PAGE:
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Title: The interaction between waves and an overlying airflow
Author: Black, Duncan Stuart
Awarding Body: University of London
Current Institution: Imperial College London
Date of Award: 1998
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This dissertation examines the interaction between a series of progressive gravity waves and an overlying airflow. A critical review of the existing literature is made, from which it is concluded that although a large number of wind-wave interactions have been proposed, few have been verified experimentally. Furthermore, virtually no consideration has been given to the effect of the airflow on the underlying wave motion. A comprehensive experimental investigation of the interaction between wind and waves has therefore been undertaken. In respect of the airflow, a complete set of kinematics measurements, involving both horizontal and vertical velocity data, is presented. The mean, wave-induced and fluctuating velocities are presented in a wave-following frame of reference. The flow streamlines are deduced from the measured velocity data, and the structure of the airflow examined in detail. Analysis of the velocity profiles using boundary layer theory enables the effects of the flow structure identified above to be quantified and an assessment of the surfece stresses made. A corresponding set of kinematics measurements were undertaken in the underlying water flow. The wind-induced currents and wave kinematics are examined. Numerical models to predict the wave motion in combined wind-wave field are developed. The models incorporate the effects of a wind-induced current and the varying surface stresses, and allow the relative importance of each of these effects to be investigated. Furthermore, measurements of the water surface elevation are used to investigate the modification to the underlying long waves caused by the airflow, and the nature of the superposed wind-waves. The variation in the properties of the wind-generated waves with the phase of the long waves are also examined. Finally, the fundamental mechanisms of wind-wave interaction are considered, and the relative importance of the various mechanisms assessed. The implications for the oflfehore engineer, in terms of wind loading, gas ventilation and wave loading are outlined.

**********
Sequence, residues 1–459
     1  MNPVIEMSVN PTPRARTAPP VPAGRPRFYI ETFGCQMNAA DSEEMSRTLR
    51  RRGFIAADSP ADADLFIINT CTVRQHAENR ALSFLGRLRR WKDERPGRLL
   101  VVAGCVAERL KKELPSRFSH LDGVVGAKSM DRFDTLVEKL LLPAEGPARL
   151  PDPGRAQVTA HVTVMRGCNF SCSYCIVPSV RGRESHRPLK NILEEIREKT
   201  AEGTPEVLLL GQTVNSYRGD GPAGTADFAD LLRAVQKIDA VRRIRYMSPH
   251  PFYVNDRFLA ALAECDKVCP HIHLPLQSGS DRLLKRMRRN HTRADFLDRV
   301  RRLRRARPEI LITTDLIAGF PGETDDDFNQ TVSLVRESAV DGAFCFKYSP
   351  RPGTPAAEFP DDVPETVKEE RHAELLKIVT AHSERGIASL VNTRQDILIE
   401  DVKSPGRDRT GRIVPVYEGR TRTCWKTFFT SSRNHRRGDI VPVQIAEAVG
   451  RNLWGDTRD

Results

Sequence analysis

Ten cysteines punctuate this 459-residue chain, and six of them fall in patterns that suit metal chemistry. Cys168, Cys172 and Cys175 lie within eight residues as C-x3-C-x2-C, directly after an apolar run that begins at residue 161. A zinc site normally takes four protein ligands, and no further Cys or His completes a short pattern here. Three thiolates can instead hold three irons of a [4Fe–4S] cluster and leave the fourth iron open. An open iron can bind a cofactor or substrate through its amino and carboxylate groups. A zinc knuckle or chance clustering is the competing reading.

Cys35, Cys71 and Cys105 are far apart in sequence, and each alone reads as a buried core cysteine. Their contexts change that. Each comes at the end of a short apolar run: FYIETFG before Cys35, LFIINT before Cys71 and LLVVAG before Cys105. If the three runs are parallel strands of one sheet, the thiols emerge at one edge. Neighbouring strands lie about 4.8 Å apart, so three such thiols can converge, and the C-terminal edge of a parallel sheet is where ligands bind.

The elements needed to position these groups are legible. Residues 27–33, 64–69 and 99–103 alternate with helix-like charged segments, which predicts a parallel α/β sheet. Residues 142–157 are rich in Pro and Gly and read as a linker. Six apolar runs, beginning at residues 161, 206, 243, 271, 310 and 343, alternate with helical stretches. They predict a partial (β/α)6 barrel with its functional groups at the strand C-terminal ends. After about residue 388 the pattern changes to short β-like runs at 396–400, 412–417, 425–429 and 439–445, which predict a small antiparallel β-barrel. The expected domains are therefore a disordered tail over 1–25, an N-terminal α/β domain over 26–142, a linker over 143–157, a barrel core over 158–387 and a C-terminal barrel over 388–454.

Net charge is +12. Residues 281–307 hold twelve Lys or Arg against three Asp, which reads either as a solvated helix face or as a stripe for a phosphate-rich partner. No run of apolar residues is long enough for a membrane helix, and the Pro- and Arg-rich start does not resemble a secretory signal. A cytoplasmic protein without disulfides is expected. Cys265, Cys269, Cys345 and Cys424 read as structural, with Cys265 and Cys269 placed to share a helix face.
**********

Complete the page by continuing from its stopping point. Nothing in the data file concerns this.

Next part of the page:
Supervisor: Swan, Chris Sponsor: Not available
Qualification Name: Thesis (Ph.D.) Qualification Level: Doctoral
EThOS ID:  DOI: Not available